There are many ways to use technology as a health advocate! Being an informed patient can help you make better decisions regarding nutrition, fitness, disease prevention, disease management, and disease treatment.
My daughter-in-law was adopted from Korea. She arrived in the US without an extensive family medical history. When she learned she was expecting her first child, she and my son decided it could be beneficial to know more about her DNA. In addition to the battery of early screening tests offered by their doctor, they chose to have DNA analysis done by 23andMe®.
After some initial problems with FDA approval, 23andMe is now approved to offer DNA screening for genetic markers that may indicate a high risk for certain conditions. The list of approved tests include those for genetic variants that may make you more likely to have Celiac Disease (gluten intolerance), Age-Related Macular Degeneration, Alpha-1 Antitrypsin Deficiency (can lead to COPD or emphysema) , Hereditary Hemochromatosis (the body absorbs too much iron from the diet), Hereditary Thrombophilia (abnormality of blood coagulation that increases the risk of blood clots), Late-Onset Alzheimer’s Disease, and Parkinson’s Disease. A complete list of currently available tests is listed on the 23andMe website.
While this service is not intended for diagnosis of any disease, the results provide important knowledge that you can share with your physician. If this additional information lessens the time it takes to secure a diagnosis, it may increase the treatment options available to you. That’s more than worth the $199 price tag.
For that price, you’ll receive additional wellness reports for things such as lactose intolerance, muscle composition, deep sleep and genetic weight; and reports for traits like male hair loss, earwax type, earlobe type, and sweet taste preference. Also included are over 40 reports identifying whether you carry a variant gene for diseases such as Bloom Syndrome (short stature, higher cancer risk, genomic instability), Cystic Fibrosis, Sickle Cell Anemia, Hereditary Fructose Intolerance, and Glycogen Storage Disease Type lb (plus 35 more).
As a 23andMe customer, you can also choose to be a research participant. According to the website: “On average, a customer who chooses to opt into research contributes to over 230 studies on topics that range from Parkinson’s disease to lupus to asthma and more.” This participation has led to publication of 84 research papers since 2010.
Other research participation is facilitated by Apple’s ResearchKit app. For instance, you can participate in the Mount Sinai Asthma Health and Stanford Medicine MyHeart Counts large-scale
medical studies through this software. And the number of research and disease management apps is growing. Hopefully, the ease of using personal electronic devices to participate will increase the number of volunteers for research studies and give researchers an easy avenue for providing research results to participants – an often neglected follow-up.
Disease Management Apps
Health related phone apps reach far beyond research. There are disease management apps that focus on education and awareness, behavior tracking, medication reminders, community and networking. Visit any app store and you’ll find a long list of medical apps in addition to health and fitness apps. That’s great progress in making technology available as a health advocate.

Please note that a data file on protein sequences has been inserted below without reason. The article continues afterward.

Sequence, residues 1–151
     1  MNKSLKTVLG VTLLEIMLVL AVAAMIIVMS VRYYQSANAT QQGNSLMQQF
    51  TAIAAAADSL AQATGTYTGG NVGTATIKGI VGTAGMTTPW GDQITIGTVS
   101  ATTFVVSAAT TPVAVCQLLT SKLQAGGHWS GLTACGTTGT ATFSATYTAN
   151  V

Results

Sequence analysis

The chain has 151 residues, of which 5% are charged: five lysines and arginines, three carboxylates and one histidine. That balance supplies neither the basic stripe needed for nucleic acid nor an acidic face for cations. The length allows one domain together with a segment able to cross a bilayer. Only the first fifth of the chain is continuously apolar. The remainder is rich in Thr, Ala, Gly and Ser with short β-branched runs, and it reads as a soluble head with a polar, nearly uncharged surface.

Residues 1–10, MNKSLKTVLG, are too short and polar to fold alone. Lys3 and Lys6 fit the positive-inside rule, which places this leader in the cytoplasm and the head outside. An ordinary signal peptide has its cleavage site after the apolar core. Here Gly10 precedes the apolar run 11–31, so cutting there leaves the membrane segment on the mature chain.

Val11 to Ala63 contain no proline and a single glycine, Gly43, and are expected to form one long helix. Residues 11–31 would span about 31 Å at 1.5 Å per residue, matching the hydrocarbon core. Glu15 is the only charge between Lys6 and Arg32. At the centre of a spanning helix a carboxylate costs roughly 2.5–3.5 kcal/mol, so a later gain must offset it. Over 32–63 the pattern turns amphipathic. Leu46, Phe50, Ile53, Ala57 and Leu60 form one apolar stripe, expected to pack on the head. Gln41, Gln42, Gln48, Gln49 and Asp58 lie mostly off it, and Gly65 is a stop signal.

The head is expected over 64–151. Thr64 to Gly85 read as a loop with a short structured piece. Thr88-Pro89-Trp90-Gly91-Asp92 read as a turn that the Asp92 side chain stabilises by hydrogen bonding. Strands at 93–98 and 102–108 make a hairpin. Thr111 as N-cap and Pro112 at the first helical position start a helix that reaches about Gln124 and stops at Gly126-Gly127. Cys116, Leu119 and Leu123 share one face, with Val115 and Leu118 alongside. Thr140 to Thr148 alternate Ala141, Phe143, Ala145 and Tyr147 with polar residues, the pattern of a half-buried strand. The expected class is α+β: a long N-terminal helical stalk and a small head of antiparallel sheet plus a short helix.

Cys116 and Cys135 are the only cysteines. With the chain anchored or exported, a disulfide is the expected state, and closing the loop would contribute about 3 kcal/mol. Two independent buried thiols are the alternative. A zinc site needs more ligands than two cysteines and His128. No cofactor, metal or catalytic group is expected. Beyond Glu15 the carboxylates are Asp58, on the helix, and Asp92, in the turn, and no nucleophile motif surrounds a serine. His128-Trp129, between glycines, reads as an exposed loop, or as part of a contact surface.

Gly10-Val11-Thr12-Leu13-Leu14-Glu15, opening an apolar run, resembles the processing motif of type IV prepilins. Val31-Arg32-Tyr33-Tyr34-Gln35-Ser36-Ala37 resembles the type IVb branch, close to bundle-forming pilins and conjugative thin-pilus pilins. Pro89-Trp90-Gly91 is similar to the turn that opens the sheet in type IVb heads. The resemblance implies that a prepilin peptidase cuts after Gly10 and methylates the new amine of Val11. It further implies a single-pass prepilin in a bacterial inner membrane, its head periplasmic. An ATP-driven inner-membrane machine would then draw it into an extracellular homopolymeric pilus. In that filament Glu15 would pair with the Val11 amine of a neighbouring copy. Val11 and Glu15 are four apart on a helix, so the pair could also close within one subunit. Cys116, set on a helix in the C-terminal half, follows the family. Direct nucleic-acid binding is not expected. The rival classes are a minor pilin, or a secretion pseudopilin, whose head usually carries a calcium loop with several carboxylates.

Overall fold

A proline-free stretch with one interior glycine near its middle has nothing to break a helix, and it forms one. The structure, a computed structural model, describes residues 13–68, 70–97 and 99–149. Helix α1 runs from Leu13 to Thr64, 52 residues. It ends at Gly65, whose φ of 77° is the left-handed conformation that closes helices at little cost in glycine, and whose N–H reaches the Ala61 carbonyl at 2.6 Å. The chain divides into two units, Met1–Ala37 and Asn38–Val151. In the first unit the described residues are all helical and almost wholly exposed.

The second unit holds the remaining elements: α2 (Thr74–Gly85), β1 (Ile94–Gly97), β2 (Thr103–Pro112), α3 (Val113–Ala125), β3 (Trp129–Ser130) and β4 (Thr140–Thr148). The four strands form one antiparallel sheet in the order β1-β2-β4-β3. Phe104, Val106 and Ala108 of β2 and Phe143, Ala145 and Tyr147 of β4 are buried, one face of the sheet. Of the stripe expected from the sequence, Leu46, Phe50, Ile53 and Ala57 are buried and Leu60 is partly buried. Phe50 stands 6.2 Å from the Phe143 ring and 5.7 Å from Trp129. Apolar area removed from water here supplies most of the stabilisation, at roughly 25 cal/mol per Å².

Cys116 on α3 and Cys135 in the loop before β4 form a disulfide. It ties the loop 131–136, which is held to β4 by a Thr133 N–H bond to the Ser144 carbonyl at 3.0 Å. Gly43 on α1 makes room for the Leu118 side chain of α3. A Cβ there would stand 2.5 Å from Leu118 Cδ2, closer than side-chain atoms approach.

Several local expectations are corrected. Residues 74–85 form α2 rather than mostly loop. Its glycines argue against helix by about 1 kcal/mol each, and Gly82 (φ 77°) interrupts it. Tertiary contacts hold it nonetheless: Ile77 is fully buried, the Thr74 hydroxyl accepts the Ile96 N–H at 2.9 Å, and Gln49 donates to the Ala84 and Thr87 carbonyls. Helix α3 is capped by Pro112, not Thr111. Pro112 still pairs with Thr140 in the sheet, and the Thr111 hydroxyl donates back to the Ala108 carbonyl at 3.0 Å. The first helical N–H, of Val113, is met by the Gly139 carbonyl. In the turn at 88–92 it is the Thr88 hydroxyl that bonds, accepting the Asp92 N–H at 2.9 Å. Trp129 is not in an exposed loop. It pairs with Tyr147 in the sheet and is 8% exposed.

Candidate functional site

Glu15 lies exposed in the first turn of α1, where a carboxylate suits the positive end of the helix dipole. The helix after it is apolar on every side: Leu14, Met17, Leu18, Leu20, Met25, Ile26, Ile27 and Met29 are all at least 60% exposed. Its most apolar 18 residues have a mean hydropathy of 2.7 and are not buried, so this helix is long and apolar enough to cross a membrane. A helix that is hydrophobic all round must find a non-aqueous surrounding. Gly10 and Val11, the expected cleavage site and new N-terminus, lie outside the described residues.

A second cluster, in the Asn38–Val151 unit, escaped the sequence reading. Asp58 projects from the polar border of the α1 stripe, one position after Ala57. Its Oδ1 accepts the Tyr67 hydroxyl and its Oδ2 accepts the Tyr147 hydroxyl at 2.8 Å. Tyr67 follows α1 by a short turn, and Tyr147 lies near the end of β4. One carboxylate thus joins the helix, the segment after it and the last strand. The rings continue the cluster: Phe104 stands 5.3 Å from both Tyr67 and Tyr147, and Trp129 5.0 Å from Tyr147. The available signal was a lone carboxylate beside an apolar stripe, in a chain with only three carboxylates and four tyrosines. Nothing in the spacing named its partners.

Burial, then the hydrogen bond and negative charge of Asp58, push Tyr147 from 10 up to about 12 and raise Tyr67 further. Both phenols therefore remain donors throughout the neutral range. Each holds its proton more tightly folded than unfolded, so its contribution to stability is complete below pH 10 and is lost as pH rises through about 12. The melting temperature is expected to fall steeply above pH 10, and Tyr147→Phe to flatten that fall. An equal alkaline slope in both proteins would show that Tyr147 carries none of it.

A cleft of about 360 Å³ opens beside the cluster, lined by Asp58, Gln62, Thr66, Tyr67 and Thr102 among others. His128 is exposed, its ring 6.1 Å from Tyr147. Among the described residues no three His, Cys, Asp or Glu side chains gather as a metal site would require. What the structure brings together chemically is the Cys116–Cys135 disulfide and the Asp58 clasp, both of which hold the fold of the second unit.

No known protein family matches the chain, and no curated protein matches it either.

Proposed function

In spite of such progress, obstacles remain. Last week while I sat through a meeting at the local teaching hospital, I was struck by how many times meeting participants were told that the hospital, med school, research institute, and clinic records are not integrated. The systems will not talk to each other. Information is not shared.
I had two thoughts – 1)This is horrible. Fixing that problem would save the staff time and improve user friendliness and patient care. 2)This could be a good thing. If all records were integrated there would be a huge increase in privacy and accuracy concerns. At least everything gets a 2nd look now because there’s no way to avoid it.
I’m sure I’m not alone in this mixed response. While I’m excited about the knowledge leaps we can make using technological tools, privacy and accuracy are legitimate concerns when using technology as a health advocate. At this specific moment in time, we must carefully weigh how much privacy risk we’re willing to take in order to move knowledge forward or make our healthcare easier.
Should I use the technology?
There are many reasons to embrace the integration of technology into our personal health plans. It can be a great health advocate. If I could have taken a genetic test to my doctor that showed I had a variant marker for Celiac Disease when I was attempting to get a diagnosis for whatever was causing me to break out with unbearably itchy rashes, have abdominal pain, weakness, fatigue, and achy joints, perhaps it would have improved my experience and lessened the time I continued to suffer. I also love the ease with which 23andMe customers can contribute to research. And I can see the benefit of using software to assist with a variety of aspects of disease management.
I suppose any decision regarding technology as a health advocate should be guided by the premise that knowledge is power. Before swabbing saliva or downloading an app, read the
For fun, you can let yourself be curious! After all, DNA testing can also help you locate long-lost or surprise relatives.
Disclosure of Material Connection: I have not received any compensation for writing this post. I have no material connection to the brands, products, or services that I have mentioned. I am disclosing this in accordance with the Federal Trade Commission’s 16 CFR, Part 255: “Guides Concerning the Use of Endorsements and Testimonials in Advertising.”